Written for Blogging Against Disablism Day 2008.
Equal does not mean identical for the same reason that different does not mean inferior, or, for that matter, superior.
Equality, therefore, does not mean giving everyone exactly the same thing, or desperately trying to force one size to fit all. It means giving everyone the same standards (of service, of access, of respect, of quality of life) while recognising the different methods needed to achieve those standards.
Public transport is a good example of this - it's not the only example, but it's one which allows me to make my point. You may have recently read in the news about how all elderly and disabled people in the UK are to get free bus passes. Along with quite a few other disabled people I have spoken to, I'm quite bemused about this.
For starters, there's a load of ifs and buts - little things like No Being Crippled In Public Before 9:30am (they phrase it differently but that's the precis), which is little short of ridiculous to anyone who's ever been told to attend an 8.30am appointment at a hospital twenty miles away.
More importantly though, the bus system is inaccessible to many people. Some, like myself, are completely out - I can't walk or self-propel a wheelchair as far as the nearest bus stop, and although on my better days I could ride my mobility scooter to the bus stop, I wouldn't then be able to put it onto the bus. Others, who can get to the bus stop, then find that there's no space - or more accurately, that there is ONE space that disabled people and parents with prams can fight over amongst themselves. Quite rightly, the bus drivers won't simply have wheelies "squeezing on" because it's dangerous to everyone concerned, so the losers (be they parents, babies, toddlers, children or disabled people of any age), just have to wait at the bus stop, regardless of cold, rain, appointments, feeding or medication schedules, and hope that the single precious space on the next bus will be available.
Or the next one.
Or the next one.
Even once you've got a seat, the problems don't end. For instance, many of the more modern buses have a scrolling display telling you what route you are on and which is the next stop. Very handy. Then someone realised that blind and visually impaired people couldn't read that, so they had the bright idea of an audio announcement for each stop. This, in turn, is causing problems for people who, for various reasons, have difficulty processing an overload of information - it's even stressing out plenty of neurotypical people on routes that have frequent stops.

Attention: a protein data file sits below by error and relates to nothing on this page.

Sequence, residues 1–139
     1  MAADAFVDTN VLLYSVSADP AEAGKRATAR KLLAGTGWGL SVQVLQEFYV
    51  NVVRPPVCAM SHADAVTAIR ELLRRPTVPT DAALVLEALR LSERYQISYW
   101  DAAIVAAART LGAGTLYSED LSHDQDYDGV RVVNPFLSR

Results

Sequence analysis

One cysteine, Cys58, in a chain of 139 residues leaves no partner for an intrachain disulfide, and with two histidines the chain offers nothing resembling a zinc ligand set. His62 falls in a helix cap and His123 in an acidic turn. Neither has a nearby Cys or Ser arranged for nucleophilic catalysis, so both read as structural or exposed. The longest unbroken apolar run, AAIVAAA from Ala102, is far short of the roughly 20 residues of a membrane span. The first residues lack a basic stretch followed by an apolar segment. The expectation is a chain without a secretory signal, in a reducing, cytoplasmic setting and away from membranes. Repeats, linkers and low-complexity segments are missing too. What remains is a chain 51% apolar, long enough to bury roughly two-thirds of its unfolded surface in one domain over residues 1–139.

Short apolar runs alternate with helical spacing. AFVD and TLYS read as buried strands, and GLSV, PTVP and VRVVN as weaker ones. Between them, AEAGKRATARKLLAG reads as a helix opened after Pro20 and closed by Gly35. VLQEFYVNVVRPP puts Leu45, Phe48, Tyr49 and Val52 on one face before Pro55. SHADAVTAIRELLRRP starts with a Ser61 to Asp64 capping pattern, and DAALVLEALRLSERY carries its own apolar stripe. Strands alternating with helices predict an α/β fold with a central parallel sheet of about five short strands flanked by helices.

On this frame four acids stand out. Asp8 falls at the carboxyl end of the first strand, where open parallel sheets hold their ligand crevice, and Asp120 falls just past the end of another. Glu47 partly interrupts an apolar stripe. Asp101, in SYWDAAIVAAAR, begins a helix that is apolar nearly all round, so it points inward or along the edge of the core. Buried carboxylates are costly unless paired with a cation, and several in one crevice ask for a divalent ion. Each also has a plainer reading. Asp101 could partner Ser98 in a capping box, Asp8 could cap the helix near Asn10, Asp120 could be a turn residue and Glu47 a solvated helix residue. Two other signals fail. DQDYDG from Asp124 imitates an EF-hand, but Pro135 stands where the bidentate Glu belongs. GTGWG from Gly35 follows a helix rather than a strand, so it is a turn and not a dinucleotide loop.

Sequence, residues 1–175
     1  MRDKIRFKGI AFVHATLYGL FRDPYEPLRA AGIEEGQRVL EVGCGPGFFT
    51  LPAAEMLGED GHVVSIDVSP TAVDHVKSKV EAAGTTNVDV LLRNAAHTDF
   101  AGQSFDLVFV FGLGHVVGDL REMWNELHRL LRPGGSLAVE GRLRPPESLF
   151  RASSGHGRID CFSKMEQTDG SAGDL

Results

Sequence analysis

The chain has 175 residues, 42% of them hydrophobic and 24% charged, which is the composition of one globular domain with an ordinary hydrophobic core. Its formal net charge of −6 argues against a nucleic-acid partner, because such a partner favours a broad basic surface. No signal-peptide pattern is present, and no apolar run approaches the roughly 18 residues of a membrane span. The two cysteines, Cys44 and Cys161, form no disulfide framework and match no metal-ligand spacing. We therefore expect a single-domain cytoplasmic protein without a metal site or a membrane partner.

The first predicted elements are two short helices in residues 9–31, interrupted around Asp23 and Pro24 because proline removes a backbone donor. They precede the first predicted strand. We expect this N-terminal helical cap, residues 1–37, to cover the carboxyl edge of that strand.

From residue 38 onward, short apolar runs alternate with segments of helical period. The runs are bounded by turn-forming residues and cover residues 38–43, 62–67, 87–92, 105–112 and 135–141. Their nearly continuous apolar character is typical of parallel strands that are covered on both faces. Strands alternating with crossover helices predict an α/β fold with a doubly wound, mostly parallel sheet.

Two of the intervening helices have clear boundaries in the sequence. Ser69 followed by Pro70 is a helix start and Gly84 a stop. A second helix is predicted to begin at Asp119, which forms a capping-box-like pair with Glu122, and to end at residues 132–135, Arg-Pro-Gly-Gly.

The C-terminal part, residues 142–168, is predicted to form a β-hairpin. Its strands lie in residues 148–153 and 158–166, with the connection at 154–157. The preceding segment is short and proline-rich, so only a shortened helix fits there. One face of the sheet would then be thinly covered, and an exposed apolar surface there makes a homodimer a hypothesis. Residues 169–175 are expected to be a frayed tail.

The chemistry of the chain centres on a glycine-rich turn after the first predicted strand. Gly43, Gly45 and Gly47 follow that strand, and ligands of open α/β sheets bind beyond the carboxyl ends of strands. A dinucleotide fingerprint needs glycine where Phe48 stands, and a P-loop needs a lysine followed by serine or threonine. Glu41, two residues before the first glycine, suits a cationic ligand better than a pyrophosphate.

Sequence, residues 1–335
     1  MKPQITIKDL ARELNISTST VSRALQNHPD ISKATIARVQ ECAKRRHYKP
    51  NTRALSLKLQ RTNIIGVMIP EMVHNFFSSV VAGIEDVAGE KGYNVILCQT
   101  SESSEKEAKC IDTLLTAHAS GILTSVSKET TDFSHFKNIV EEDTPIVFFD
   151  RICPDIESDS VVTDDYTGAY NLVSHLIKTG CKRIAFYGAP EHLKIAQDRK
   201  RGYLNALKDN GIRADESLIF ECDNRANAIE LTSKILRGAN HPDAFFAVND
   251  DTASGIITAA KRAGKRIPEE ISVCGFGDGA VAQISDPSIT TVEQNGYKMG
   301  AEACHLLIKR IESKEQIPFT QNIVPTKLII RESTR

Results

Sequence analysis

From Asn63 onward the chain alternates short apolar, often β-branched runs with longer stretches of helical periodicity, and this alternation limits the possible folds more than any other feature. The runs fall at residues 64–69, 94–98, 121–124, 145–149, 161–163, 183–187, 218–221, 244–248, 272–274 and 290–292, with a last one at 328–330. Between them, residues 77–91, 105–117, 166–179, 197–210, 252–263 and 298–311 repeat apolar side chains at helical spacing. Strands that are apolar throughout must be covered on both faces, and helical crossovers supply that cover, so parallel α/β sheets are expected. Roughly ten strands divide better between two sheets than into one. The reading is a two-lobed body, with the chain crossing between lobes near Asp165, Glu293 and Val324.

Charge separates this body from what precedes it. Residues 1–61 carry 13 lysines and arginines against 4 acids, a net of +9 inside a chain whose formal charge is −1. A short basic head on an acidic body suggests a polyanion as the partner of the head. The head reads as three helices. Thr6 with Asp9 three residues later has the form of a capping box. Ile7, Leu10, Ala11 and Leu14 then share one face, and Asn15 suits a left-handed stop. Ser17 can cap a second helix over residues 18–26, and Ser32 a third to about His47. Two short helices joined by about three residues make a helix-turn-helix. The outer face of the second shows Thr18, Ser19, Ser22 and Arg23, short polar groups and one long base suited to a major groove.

Bus passes are issued by the local council, and different local councils deal with the issues differently. Where I live, the approach is that if you are eligible for a bus pass, but cannot use the buses, then instead of a bus pass, you get 'tokens' for local community transport. You get twenty trips per year at the special price of 65p per mile. Assuming that every time you go somewhere, you need to get back again, that's TEN local outings per year. As long as it's Monday-Friday, between 9am and 9pm, you book two days or more in advance, and subject to availability of course... oh, and you can't have a bus pass AND tokens, so no getting transport at 65p/mile to the bus stop and freebie-ing from there.
This does not really compare well to Christine and Manju, who are taking a 700-mile tour round the UK for free using their bus-passes. Don't get me wrong, I hope they have a wonderful journey and I think it's great that they're exercising the freedom to travel and explore without worrying about the cost of transport. I just think there's a bit of an illusion that ALL elderly and disabled people could do this if only we were a bit more determined, a bit more spirited. It's simply not the case.
I can't help feeling we'd be a step closer to equality if none of us got free transport, but by the same token, none of us found transport around the local area so expensive that we have to stay at home. Equality isn't one person on a free jaunt around the country while another can't even go to the shops once a week. Equality would be all of us having reasonable and regular access to basic amenities.